Objective.—To describe the demographics and migraine characteristics of patients in the Glaxo Wellcome adolescent clinical trials' database.
Methods.—Data from 8 sumatriptan (tablet and nasal spray) and naratriptan (tablet) trials (6 placebo controlled and 2 open label) were reviewed. Adolescents aged 12 to 17 years who had participated in migraine clinical trials and used at least 1 dose of study medication were summarized using descriptive statistics. Patient demographic (gender, age, race, height, and weight) and migraine (diagnosis, pain location and intensity, time and day of migraine onset and treatment, and associated symptoms) characteristics were examined.
Results.—One thousand nine hundred thirty-two adolescents with migraine were identified; mean age was 14.1 years (standard deviation, 1.64; range, 11 to 18) and 54% of patients were female. More males were represented in the 12- to 14-year-old group (646 [73%] of 885) than in the 15- to 17-year-old group (234 [26%] of 885). Most patients reported migraine without aura (67%, 1121 of 1672), unilateral migraine pain (58%, 458 of 787), and pulsating pain (74%, 582 of 790). Migraine was aggravated by physical activity in most of the adolescents (88%, 526 of 598). Most migraine attacks (73%, 1363 of 1858) began between 6 am and 6 pm, and proportionately more attacks occurred Monday through Wednesday. Pretreatment vomiting was experienced by 5% (97 of 1830) of patients, nausea by 53% (983 of 1849), and photophobia or phonophobia (or both) by 88% (1628 of 1858) of patients. The incidence of associated symptoms was directly related to pretreatment headache severity.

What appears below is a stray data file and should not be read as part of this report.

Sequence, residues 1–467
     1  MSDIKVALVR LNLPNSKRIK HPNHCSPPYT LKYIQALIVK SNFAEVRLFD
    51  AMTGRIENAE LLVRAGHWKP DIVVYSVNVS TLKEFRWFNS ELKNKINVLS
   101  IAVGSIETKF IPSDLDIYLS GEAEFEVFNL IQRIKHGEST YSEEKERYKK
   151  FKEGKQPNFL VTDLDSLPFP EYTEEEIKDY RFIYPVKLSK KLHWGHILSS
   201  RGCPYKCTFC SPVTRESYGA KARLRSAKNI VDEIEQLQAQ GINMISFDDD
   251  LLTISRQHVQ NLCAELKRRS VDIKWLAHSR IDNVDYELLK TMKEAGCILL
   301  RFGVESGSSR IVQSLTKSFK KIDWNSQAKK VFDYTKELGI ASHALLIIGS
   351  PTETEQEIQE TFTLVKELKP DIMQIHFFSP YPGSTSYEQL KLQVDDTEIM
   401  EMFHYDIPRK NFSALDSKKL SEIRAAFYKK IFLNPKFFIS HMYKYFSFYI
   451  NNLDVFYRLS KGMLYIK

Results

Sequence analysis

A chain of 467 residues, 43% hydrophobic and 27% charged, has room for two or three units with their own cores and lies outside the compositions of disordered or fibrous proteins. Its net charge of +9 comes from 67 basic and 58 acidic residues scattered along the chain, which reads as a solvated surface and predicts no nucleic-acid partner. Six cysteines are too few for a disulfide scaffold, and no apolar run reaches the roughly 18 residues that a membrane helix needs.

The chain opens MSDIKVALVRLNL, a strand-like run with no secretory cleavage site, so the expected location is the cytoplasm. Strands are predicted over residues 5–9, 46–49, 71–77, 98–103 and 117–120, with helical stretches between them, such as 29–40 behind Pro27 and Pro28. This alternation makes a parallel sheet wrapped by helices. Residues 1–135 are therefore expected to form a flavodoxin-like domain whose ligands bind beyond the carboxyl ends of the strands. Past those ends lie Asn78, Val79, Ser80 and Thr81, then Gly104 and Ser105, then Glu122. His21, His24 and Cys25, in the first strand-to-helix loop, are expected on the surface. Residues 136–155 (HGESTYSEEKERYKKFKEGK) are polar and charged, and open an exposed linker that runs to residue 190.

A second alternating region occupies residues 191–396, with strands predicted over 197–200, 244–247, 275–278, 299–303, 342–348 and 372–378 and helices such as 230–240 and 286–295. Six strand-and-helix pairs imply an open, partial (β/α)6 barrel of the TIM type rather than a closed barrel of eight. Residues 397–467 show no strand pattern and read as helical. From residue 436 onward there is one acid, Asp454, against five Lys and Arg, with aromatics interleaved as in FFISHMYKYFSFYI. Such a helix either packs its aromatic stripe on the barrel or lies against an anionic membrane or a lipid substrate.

Conclusions.—In this large clinical trials' database, adolescents had migraine without aura characterized by unilateral and pulsating pain and aggravated by activity. The incidence of associated symptoms was directly related to pretreatment pain intensity. More migraines occurred Monday through Wednesday during typical school hours. These data may facilitate clinicians' efforts to tailor migraine therapy to the needs of this patient population.